@UNFPA Nepal

“The kNOwVAWdata Initiative, which began in the Asia and the Pacific region was the genesis of UNFPA leading work globally around the generation and use of quality data to help inform policies and programmes,” says Alexandra Robinson, the Gender-based Violence Advisor from the Gender and Human Rights Branch at UNFPA.  “It has been a spark behind UNFPA’s effort to make violence against women data accessible and available.” The Geospatial Dashboard on Intimate Partner Violence is an open source platform that helps governments, researchers and service providers use data to better understand the connections between gender-based violence, poverty, education and SDG indicators related to UNFPA’s mandate. The platform uses disaggregated data on a sub-national level and illustrates key socio-demographic characteristics of violence. LEARN MORE



Papua New Guinea:  “These workshops are designed to strengthen systems that allow the procurement, distribution, quality storage and safe usage of essential medicines and medical devices in particular, reproductive health commodities,” says Debbie Kupesan from UNFPA PNG. The training is part of a wider project designed to bridge the gaps in the medical supply chain. It includes practical tips and examples on procurement from international manufacturers and suppliers, effective national and sub-national medical stores, distribution to different levels of health facilities, and stock management at dispensaries at hospitals and health centres. “The goal is to help health workers understand how the medicines ordering system works in PNG and understand the importance of their role as part of the team involved in the supply chain,” Debbie says. LEARN MORE


As the United Nations faces a number of pressing issues, it is time to make innovative thinking the new normal. Developed by the UN, for the UN, this digital platform includes twenty-one tools, step-by-step directions, worksheets, case studies, references as well as  a 27-question assessment which provides a diagnosis on every user’s strengths and areas for improvement. Upon request of the UN Secretary-General, the UN Innovation Toolkit was developed under the leadership of the UN System Chief Executives Board for Coordination (CEB) in close collaboration with the UN Innovation Network and innovators from 30+ UN Entities. The toolkit has been entrusted to UN System Staff College (UNSSC) to ensure dissemination and integration into relevant capacity building and innovation efforts. LEARN MORE


©UNFPA Maldives

Maldives: Hamsha is the founder of Zero Waste Maldives and one of the leaders of Cupvert, an project that raises awareness about the benefits of reusable menstrual cups through discussions with women and girls. “Cupvert aims to introduce sustainable menstrual health products,” Hamsha says. “At the same time we are providing information about reproductive health.” What began as a pilot in 2019 on Laamu atoll now has increasing numbers of people switching to cups and adopting climate-friendly menstrual hygiene practices, paving the way for scaling up across the country. READ MORE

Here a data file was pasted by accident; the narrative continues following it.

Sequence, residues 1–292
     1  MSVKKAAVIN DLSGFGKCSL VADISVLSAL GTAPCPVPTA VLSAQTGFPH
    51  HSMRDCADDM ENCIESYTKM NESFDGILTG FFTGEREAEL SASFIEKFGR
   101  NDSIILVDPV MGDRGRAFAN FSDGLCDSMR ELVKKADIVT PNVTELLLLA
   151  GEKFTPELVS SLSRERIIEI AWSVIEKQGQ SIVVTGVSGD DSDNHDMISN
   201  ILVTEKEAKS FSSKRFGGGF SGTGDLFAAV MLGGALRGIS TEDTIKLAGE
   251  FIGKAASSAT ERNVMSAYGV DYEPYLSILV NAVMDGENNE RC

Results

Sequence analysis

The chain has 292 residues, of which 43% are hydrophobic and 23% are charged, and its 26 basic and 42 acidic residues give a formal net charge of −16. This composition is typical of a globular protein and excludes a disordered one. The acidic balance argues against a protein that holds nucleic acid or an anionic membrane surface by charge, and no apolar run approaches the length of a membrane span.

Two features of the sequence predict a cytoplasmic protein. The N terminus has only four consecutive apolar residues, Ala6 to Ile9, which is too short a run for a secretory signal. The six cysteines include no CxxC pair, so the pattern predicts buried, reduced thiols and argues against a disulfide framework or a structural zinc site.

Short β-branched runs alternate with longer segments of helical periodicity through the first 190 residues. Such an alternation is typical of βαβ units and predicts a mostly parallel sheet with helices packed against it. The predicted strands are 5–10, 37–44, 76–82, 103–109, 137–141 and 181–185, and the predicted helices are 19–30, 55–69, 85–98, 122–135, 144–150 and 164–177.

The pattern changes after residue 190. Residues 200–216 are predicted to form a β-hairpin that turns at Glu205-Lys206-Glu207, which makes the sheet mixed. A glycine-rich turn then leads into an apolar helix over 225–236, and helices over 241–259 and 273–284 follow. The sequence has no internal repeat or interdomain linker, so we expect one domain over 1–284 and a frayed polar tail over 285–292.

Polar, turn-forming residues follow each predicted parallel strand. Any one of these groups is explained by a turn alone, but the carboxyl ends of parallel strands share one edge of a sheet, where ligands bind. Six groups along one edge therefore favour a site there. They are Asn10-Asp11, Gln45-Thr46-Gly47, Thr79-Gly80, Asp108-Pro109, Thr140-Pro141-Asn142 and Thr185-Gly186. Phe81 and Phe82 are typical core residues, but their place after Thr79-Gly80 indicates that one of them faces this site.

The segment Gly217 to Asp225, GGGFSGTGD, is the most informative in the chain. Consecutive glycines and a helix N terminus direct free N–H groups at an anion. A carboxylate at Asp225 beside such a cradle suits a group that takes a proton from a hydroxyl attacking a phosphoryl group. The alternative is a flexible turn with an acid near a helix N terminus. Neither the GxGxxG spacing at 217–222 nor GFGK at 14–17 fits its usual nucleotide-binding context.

©UNFPA Myanmar

Myanmar: A project providing cash transfers for sex workers and other vulnerable populations expanded in 2021 and 2022 into Southern Shan State in eastern Myanmar, as well as the scope to reach vulnerable groups including men who have sex with men, trans people and female sex workers.UNFPA support for static and mobile clinics helped expand access overall to services in these areas. This year, more than 900 sex workers in southern Yangon and 1,050 men who have sex with men, trans people and sex workers in southern Shan will receive two cash transfers each. The project helps everyone involved get improved access to sexual and reproductive health services.


©UNFPA Bangladesh

Bangladesh: Bangladesh reached a milestone in December 2021 declaring Panchagarh district “Obstetric Fistula Free.” The collaborative approach focuses on increasing identification and diagnosis of cases, coordinated referral management and improved rehabilitation services for fistula survivors.  READ MORE


©UNFPA Bangladesh

In a rapidly changing world, UNFPA needs dynamic solutions to meet the needs of women and girls and deliver sexual and reproductive health and rights (SRHR) for all. We must embrace innovation to deliver on our three transformative results to end preventable maternal deaths, end unmet need for family planning, and end violence gender-based violence and all harmful practices, including female genital mutilation and child, early, and forced marriage.

The UNFPA Innovation Fund has investments under four innovation thematic priorities—digital health, SRH commodities, data, and innovative finance. The fund supports small to medium innovative ventures which test, rapidly prototype, pilot, and transition to scale new solutions through the Innovation Pipeline, alongside big signature initiatives to create “global goods” for the development community on a wider scale. This publication of stories from across the Asia Pacific region illustrates how UNFPA and partners are innovating to meet the needs of women, girls and the most vulnerable. READ MORE


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UNFPA Innovation

UN Innovation Toolkit

Global Disability Innovation Hub

Disruptive Innovations for women and girls